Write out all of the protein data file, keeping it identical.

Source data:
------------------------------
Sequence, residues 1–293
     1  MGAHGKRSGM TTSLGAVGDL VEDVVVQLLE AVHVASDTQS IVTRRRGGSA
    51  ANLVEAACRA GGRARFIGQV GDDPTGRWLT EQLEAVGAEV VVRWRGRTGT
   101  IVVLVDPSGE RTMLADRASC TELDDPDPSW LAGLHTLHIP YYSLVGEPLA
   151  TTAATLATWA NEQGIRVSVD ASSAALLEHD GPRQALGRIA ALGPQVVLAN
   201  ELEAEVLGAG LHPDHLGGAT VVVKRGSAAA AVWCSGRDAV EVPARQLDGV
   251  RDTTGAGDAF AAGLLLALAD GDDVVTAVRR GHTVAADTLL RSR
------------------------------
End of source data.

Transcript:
Sequence, residues 1–293
     1  MGAHGKRSGM TTSLGAVGDL VEDVVVQLLE AVHVASDTQS IVTRRRGGSA
    51  ANLVEAACRA GGRARFIGQV GDDPTGRWLT EQLEAVGAEV VVRWRGRTGT
   101  IVVLVDPSGE RTMLADRASC TELDDPDPSW LAGLHTLHIP YYSLVGEPLA
   151  TTAATLATWA NEQGIRVSVD ASSAALLEHD GPRQALGRIA ALGPQVVLAN
   201  ELEAEVLGAG LHPDHLGGAT VVVKRGSAAA AVWCSGRDAV EVPARQLDGV
   251  RDTTGAGDAF AAGLLLALAD GDDVVTAVRR GHTVAADTLL RSR